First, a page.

Graphic Section (Nov, 1929)

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Graphic Section

Modern Mechanics presents a new department devoted to picturing the advances of science.

Taking off with their wings tied together with ropes, these daring army flyers thrilled the crowds at the recent Cleveland air races with the newest form of aerial acrobatics. Knots tied in the ropes at intervals aided visibility. The pilots took off in groups of three, and the utmost skill was necessary to keep the planes in perfect formation. The ropes were loosely fastened so that in case of serious trouble the planes could disengage themselves in the air.

New All-Metal Navy Dirigible Has Novel Fin Controls

EMBODYING several novel features of construction, the Navy’s newest dirigible, the ZMC-2, recently went through its trial flights successfully. Instead of the usual elevator and rudder arrangement at the tail, such as is used on the Graf Zeppelin, the ZMC-2 has eight control fins mounted like the spokes of a wheel in the hull of the ship 30 feet forward of the stern. The fins were located in this position when designers discovered that better control can be secured by mounting the units in advance of the extreme stern of the ship where they could be acted on by air flowing along the surface of the craft. The eight fins are so synchronized that pairs on top and bottom act as rudders and pairs on the sides as elevators.

Twin Radial Motors Give Dirigible 62 M. P. H. Speed

Two radial motors mounted on either side of the cabin propel the ZMC-2, as shown in the photo at the top of the page. With a length of 150 feet, the diameter of the ship is 50 feet, or a ratio of 3 to 1. Zeppelin airships have been from 7 to 12 times as long as their diameters. The thicker proportions represent the latest advance in lighter-than-air craft.

Two Wright Whirlwinds give the ZMC-2 a top speed of 62 m.p.h., with a cruising speed of 50 m.p.h. Ceiling is 10,000 feet; range is 680 miles.

Fighting Airplanes Take to Sky Like a Swarm of Gnats

While his mother played bridge, 18-months-old Denny Mallon, of Los Angeles, whiled away the time by tuning in the radio set mounted on his baby carriage and listening to the latest lullabies and nursery rhymes. Young Denny is shown in the circle above tuning out a fox trot in favor of a bedtime story. The radio – equipped buggy was one of several which played a part in a Radio-Baby-Bridge party held the other day in Los Angeles as part of a radio show.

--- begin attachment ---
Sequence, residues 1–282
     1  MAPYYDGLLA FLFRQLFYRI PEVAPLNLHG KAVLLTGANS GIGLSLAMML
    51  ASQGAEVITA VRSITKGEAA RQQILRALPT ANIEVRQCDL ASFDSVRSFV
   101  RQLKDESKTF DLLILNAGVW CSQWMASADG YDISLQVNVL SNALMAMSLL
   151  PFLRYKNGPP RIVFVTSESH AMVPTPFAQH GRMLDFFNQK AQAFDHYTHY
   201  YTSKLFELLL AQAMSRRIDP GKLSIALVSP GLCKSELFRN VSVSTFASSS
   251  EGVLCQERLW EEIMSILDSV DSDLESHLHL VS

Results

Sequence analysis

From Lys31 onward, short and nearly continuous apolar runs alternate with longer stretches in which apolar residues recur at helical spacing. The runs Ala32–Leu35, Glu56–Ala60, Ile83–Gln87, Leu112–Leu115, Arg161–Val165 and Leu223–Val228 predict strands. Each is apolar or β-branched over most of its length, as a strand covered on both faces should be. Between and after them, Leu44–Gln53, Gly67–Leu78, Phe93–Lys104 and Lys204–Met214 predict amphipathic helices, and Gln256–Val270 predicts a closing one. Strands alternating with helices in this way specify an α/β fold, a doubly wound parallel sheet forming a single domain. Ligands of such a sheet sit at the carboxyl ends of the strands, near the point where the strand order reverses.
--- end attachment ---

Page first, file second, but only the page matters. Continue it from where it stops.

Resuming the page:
How many airplanes in the above photo? More than 125 fighting planes of the army, navy and marine corps took part in a demonstration flight above San Diego, Cal., and this vivid picture foreshadowing the crowded skies of tomorrow when bankers and clerks will come to work in their individual planes was the result. The flight gave a graphic picture of the helplessness of a city under the wings of a swarm of warbirds capable of dropping hundreds of tons of high explosives which would wipe a metropolis out of existence.

Here we have a pair of real live teddy bears munching their lunch from a baby gum tree. These are real live animals—not stuffed ones—and are known in their native land of Australia as koalas.

Winner of Women’s Air Derby Accepts Wreath of Victory

Novel interior decorations of the $5,000,000 Theatre Pigalle in Paris are shown above. Parallel metal bars reflect the beams of overhead spotlights in a series of brilliant flashes.

Mrs. Louise McPhetridge Thaden, of Pittsburgh, Pa., won first prize in the women’s air derby from Santa Monica, Cal., to Cleveland, Ohio, with a total elapsed flying time of 20 hours,. 19 minutes and 2 seconds. She is shown above accepting the congratulations of Clifford W. Henderson^ manager of the national air races at Cleveland. The women’s derby was marred with one death and a number of other mishaps. Marvel Crosson was 1 killed when her parachute did not have time to open after she had leaped from her disabled plane.

Army Gun Silenced to Prevent Shaking Houses to Pieces

To give tennis players practice in returning services, this tennis ball machine gun has been invented. It fires 36 tennis balls at one loading, and is adjustable to 12 different speeds.

This 14-inch army gun at Ft. McArthur, Cal., will never be fired again except in case of war. Home owners near the fort complained that the vibrations damaged their houses.

A 40-foot leap on a motorcycle means nothing to John Balek of the Chicago police force. The motorcycle leap was one of the stunts at the annual police outing at Soldier’s Field.

$200 Automobile to be Sold Through Mail Order Houses

Weighing only 600 pounds, this light 3-passenger car will be distributed by mail order houses. Complete story of the car is told on page 152.

Designed to keep shipwreck victims afloat indefinitely, an ingenious new life suit is shown above being tried out by its inventor. Note the flipper-like paddles used for propelling oneself toward shore. The porthole of the helmet can be worn open in good weather. When a storm blows up, the porthole is closed.